These requirements have been fulfilled. The World Bank has formally requested Australia’s participation in conjunction with its US$2 billion deferred drawdown option loan provided under the World Bank Program for Economic Resilience, Investment and Social Assistance in Indonesia. Japan and the ADB have also announced similar contingent financing arrangements in conjunction with this program to the value of ¥120 billion and US$500 million respectively.
National Interest Assessment
The standby loan supports the long-term economic stability and prosperity of Indonesia and the Asian region. This is in Australia’s national interests, as our prosperity is closely tied to that of our neighbours.
Australia has significant trade and investment links to Indonesia. In 2014, two-way trade (goods and services) totalled approximately A$15.7 billion, making it Australia’s 12th largest bilateral trading relationship, while two-way investment in 2014 totalled A$9.6 billion. With Indonesia expected to experience continued strong growth over the medium term, this trade and investment will likely develop substantially in the years ahead.
The extension of the Loan Agreement expiry date responds directly to a request from the Director-General of Indonesia’s Debt Management Office, Robert Pakapahan on 26 March 2015 for Australia to extend this date to 31 December 2015. The Director-General of the Debt Management Office has full delegated authority for all matters pertaining to the standby loan.
The extension was sought in light of continued uncertainty surrounding the outlook for global financial markets, due to prospects for an increase in US interest rates and unconventional monetary policy settings in the Euro area and Japan. Should conditions deteriorate, Indonesia may have difficulties financing its budget deficit as a result of heightened financing costs.
However, the Indonesian Government has proactively taken a number of steps to reduce the risk of the loan being drawn down. These steps include: reducing expensive fuel subsidies; keeping total government debt low; and by front-loading its debt issuance program.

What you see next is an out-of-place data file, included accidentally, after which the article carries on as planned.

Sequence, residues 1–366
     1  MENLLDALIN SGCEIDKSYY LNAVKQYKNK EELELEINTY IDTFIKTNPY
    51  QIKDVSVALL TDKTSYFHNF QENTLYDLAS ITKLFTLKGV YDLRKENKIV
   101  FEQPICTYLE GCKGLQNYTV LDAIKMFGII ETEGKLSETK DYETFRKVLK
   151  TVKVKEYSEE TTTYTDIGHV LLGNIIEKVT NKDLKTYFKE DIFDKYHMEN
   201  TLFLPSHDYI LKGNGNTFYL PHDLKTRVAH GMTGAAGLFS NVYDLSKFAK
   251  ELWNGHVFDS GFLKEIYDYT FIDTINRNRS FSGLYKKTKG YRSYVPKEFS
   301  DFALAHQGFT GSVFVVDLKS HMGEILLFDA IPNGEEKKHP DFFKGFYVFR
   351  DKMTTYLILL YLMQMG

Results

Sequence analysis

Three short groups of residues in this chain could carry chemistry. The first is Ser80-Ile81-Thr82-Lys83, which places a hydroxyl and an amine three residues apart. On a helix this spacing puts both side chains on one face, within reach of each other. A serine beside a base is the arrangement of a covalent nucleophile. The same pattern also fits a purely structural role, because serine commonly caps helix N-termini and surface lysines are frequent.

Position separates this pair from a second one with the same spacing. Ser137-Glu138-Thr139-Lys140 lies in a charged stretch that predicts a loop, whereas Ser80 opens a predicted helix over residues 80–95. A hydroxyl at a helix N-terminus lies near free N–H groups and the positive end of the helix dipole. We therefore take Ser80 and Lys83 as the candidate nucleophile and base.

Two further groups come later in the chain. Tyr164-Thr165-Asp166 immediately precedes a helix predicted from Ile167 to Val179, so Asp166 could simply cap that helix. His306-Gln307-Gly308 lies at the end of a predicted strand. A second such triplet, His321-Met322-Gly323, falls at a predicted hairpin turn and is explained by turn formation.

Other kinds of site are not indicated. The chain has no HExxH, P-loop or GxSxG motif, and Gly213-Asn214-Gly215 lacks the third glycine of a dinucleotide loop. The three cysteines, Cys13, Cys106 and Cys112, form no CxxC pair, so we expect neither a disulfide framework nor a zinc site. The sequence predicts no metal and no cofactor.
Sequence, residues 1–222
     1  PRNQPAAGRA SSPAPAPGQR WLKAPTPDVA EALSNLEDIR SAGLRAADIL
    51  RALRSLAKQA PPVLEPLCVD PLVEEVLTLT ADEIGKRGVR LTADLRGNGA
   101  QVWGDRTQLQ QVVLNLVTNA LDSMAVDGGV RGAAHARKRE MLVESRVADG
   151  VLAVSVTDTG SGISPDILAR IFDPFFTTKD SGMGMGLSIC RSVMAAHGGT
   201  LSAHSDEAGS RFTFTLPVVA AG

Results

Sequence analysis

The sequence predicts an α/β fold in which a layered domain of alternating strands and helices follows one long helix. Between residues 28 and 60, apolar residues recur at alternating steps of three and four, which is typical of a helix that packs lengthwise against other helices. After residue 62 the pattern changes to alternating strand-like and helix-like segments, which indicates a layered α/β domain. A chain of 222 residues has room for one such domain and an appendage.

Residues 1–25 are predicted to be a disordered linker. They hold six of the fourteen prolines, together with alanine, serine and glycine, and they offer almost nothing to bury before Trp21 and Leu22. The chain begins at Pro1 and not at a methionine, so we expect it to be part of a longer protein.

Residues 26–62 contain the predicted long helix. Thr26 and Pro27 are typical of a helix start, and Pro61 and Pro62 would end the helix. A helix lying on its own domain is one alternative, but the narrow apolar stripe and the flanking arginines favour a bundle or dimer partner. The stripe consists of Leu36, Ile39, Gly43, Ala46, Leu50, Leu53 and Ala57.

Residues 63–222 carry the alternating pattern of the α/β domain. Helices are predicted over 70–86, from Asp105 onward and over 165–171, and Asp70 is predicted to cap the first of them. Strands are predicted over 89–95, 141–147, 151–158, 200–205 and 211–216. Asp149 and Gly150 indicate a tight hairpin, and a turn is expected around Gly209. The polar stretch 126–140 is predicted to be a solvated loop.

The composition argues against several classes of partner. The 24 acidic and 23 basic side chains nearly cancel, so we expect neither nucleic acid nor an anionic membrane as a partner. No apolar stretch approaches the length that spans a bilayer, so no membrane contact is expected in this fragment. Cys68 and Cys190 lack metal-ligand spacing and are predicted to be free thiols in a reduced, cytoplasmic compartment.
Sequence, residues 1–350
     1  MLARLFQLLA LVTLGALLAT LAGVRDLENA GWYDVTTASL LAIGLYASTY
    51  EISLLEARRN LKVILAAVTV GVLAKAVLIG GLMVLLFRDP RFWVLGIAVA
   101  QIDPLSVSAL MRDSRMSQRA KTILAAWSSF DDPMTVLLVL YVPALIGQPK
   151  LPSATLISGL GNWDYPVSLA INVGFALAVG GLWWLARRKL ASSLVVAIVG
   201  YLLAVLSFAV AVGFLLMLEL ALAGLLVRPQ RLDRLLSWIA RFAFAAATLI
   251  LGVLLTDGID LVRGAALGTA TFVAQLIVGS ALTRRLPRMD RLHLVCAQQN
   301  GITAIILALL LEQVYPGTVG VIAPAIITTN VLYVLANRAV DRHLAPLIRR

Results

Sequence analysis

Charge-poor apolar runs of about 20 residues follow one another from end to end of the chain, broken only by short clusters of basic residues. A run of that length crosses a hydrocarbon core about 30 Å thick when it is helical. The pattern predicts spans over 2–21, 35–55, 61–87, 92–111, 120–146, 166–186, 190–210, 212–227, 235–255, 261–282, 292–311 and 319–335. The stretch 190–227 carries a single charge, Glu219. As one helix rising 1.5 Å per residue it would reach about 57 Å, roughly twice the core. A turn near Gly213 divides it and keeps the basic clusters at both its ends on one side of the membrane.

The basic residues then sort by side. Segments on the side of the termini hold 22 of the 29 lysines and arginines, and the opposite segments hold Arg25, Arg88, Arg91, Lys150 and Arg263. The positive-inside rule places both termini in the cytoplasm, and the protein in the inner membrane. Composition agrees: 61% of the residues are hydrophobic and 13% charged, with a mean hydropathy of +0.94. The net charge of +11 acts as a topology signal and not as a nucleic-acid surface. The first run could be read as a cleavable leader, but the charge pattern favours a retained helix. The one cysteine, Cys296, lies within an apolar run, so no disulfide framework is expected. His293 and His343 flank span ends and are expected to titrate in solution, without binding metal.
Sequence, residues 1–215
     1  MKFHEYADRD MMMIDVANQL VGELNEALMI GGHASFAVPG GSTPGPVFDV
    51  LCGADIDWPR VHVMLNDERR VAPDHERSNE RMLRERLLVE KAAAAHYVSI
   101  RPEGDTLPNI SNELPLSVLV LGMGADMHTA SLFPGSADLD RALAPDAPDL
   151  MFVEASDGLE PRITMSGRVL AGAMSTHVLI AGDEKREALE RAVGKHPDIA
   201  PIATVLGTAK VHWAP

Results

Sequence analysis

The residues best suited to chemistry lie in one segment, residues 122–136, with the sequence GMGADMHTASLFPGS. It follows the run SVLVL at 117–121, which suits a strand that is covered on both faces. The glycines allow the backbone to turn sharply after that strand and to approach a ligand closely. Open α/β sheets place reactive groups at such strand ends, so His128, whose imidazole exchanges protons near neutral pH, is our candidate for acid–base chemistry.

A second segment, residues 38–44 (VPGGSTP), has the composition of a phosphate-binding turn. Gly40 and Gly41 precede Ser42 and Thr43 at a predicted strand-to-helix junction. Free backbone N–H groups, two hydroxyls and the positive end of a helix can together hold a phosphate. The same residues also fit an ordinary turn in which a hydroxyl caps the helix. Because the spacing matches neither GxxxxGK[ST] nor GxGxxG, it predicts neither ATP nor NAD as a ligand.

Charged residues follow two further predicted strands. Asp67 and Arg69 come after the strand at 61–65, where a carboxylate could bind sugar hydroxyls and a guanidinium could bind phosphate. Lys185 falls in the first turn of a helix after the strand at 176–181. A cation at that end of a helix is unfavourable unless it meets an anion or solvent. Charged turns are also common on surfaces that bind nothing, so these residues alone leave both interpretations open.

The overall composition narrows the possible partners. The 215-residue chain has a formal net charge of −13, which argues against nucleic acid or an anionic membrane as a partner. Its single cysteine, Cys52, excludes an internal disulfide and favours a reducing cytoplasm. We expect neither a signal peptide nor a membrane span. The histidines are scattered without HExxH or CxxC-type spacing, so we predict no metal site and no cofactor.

Australia previously contributed to a standby loan facility to Indonesia in 2009. While this standby loan facility was never drawn down, it was considered by Indonesia and the World Bank to have played a role in boosting market confidence in Indonesia’s economic prospects.
Nature and terms of the Loan Agreement
On 3 July 2012, then Prime Minister Julia Gillard announced that Australia would provide a contingent loan facility of up to A$1 billion to Indonesia, to ensure the Government of Indonesia can access finance at a reasonable cost even if financial markets begin to charge very high interest rates.
The subsequent Loan Agreement was entered into by the Commonwealth of Australia and the Republic of Indonesia on 19 July 2013. The availability of the loan facility was limited to 30 June 2014, unless both parties agreed to a new termination date. In May 2014, Indonesia requested an extension to 30 June 2015. Australia initially agreed to extend its commitment to 31 December 2014 and subsequently to 30 June 2015. In March 2015, Indonesia requested a further 6-month extension to 31 December 2015, to which Australia has agreed.
The loan agreement currently relates to the Government of Indonesia’s revised 2015 Financing Plan, which outlines how the Indonesian Government expects to finance its spending needs for the year. The Financing Plan also specifies the terms and circumstances under which the Indonesian Government would draw on the financing support being made available.
Quarterly meetings (and extraordinary meetings if required) will be held between the loan partners to monitor the arrangement. At these meetings Indonesia will report on progress in meeting its financing target, and whether the terms and circumstances for drawing on financial support have been met. The amount of each loan instalment by each development partner, if any, will be agreed at these meetings.
In the event the loan is drawn down, the interest rate on the loan would be set with regard to the Australian Government’s borrowing rate, appropriate for the term of the loan. This would ensure Australia’s underlying cash balance is not negatively impacted if the facility is called upon.
Repayments of each loan instalment would be made over ten years on the basis of 20 equal, semi-annual payments with no interest free grace period.